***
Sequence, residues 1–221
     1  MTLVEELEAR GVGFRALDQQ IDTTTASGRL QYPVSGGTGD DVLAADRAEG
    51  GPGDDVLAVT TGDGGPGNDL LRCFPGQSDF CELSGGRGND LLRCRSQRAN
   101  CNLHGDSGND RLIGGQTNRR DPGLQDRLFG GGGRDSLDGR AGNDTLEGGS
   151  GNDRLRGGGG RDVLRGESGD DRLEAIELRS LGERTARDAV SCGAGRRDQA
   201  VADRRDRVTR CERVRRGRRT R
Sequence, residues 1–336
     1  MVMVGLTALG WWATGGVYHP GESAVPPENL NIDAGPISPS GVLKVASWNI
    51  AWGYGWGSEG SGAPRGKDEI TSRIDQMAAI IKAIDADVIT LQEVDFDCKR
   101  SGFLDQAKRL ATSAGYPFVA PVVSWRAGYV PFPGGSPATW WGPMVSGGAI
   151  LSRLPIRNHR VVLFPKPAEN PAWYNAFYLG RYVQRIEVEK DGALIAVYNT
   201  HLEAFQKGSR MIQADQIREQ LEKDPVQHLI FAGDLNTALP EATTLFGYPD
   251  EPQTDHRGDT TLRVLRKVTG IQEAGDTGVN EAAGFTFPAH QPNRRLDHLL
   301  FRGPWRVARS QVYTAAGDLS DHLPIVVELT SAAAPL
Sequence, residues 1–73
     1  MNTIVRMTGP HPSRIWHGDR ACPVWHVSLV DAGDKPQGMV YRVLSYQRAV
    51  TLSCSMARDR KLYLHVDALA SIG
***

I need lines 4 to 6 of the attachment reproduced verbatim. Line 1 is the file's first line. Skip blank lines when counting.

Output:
   101  CNLHGDSGND RLIGGQTNRR DPGLQDRLFG GGGRDSLDGR AGNDTLEGGS
   151  GNDRLRGGGG RDVLRGESGD DRLEAIELRS LGERTARDAV SCGAGRRDQA
   201  VADRRDRVTR CERVRRGRRT R